Healthcare organizations are always looking to take better care of their patients, but they are also concerned with making sure that their bottom line is in the black; if an organization is constantly hemorrhaging money, they won’t be able to provide the services their patients require, and they will eventually go under.
One of the ways in which healthcare organizations look to manage their finances is to weigh the expenditures they’re considering in terms of the potential ROI, or return on investment. If the long-term value of an expenditure is expected to outweigh the initial necessary cost — in terms of finances, efficiency, or both — then it is likely that the investment is worthwhile.
One of the investments that will usually result in a positive ROI for organizations that choose to adopt it is electronic health records, or EHR, systems.
EHRs allow physicians and their staff to upload patient data to a digital database, which stores all of a patient’s vital information (including diagnoses, treatments, risk factors, laboratory and radiology results, and more) and catalogs it for future use.
EHRs eliminate the need for bulky and inefficient paper records systems, saving both time and money in the long run. Healthcare organizations are sometimes hesitant to adopt new technology because of the initial cost, and EHRs are no exception.
The technology itself is costly, as it involves new software and sometimes new equipment; more importantly, employees must dedicate time and effort to learning the new system, which some feel would be better spent caring for patients. Some are simply hesitant to try a new system when they are experienced with another, which they feel works well for their needs.
However, if a healthcare organization was to view EHR systems in terms of the potential ROI, they would be likely to see the value of the system. Implementing the system is a big investment, to be sure, but its use can save an organization both time and money in the long run.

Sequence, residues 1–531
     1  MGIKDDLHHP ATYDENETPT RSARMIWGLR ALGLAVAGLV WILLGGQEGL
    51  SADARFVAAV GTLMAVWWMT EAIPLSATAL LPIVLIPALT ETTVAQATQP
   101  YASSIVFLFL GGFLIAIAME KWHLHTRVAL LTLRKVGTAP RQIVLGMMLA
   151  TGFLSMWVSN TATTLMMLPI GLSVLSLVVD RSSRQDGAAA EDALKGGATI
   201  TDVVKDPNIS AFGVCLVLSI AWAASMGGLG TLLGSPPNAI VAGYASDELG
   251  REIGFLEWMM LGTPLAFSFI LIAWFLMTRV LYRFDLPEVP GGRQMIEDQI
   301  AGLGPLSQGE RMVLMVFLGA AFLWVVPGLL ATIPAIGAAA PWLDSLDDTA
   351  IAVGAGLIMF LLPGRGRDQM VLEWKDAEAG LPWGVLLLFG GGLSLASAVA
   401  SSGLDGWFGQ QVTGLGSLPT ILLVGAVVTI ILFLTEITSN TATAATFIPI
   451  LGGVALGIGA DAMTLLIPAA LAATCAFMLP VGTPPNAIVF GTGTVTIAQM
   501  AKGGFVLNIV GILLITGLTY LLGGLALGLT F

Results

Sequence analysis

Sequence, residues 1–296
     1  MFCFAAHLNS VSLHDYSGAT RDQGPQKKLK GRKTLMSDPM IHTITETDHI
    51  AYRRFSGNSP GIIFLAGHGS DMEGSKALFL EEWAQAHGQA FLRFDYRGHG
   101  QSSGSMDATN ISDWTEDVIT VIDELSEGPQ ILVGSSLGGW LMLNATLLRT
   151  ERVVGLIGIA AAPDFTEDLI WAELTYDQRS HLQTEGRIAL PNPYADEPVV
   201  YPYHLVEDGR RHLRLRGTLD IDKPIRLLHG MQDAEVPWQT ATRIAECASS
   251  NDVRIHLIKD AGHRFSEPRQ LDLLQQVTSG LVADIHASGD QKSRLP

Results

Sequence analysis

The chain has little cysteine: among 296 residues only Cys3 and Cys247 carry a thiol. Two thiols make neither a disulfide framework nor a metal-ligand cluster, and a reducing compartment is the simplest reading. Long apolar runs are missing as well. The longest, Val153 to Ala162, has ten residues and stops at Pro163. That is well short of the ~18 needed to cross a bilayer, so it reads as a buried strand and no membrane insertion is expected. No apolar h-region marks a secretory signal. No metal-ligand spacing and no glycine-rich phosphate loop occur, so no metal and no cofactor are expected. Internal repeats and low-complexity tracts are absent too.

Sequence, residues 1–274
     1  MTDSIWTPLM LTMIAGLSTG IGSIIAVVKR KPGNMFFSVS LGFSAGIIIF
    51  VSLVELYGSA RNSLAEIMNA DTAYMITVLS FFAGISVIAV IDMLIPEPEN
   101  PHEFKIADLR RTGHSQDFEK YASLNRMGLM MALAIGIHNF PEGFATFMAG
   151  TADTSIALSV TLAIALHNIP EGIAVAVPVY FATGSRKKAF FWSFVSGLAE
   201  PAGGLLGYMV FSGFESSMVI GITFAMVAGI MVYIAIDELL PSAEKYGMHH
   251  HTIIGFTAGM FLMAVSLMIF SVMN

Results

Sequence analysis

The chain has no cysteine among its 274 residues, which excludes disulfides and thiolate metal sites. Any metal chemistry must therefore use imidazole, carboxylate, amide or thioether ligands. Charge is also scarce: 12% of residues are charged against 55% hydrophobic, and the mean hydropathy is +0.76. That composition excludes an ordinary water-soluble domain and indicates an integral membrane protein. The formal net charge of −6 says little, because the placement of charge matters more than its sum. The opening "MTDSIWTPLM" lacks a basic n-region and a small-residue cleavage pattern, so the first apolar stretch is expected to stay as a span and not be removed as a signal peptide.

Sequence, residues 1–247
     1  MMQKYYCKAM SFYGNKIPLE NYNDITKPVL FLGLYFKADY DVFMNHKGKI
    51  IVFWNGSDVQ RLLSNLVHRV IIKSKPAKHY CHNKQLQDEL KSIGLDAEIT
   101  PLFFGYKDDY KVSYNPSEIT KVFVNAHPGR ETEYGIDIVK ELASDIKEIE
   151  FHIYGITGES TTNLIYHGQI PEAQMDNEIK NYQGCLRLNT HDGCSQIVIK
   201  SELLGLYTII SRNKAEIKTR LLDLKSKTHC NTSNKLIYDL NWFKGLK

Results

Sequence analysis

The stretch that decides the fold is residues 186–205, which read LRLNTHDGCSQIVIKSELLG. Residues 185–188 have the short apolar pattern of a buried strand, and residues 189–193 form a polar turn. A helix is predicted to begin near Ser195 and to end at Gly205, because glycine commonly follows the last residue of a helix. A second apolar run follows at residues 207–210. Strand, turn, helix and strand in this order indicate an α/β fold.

Paper records require a great deal of space, and often must be maintained for up to 7 years, which means that the organization must pay for additional physical storage — the ROI for this is nothing.
Also, paper records take a great deal of time to pull and refile, particularly if they are disorganized, and must be manually transferred to other practitioners, resulting in increased labor costs.
Medical errors sometimes result from information being misfiled, entered incorrectly, or illegible in paper records, and the cost of these errors can be astronomical. EHRs can help to eliminate all of these costs, resulting in a positive ROI for the program.
In addition, the Center for Medicare and Medicaid Services (CMS) is offering financial incentives for organizations which choose to adopt the technology, and penalizing those who choose not to, adding to the ROI of the EHR systems.
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OptimizeHIT drives clinical adoption, while preventing productivity lost during implementation. Our unique training software will connect physicians, support personnel and management real time; delivering objective data from which to evaluate the success of the implementation as well as delivering training to providers that is focused on their specific knowledge gaps.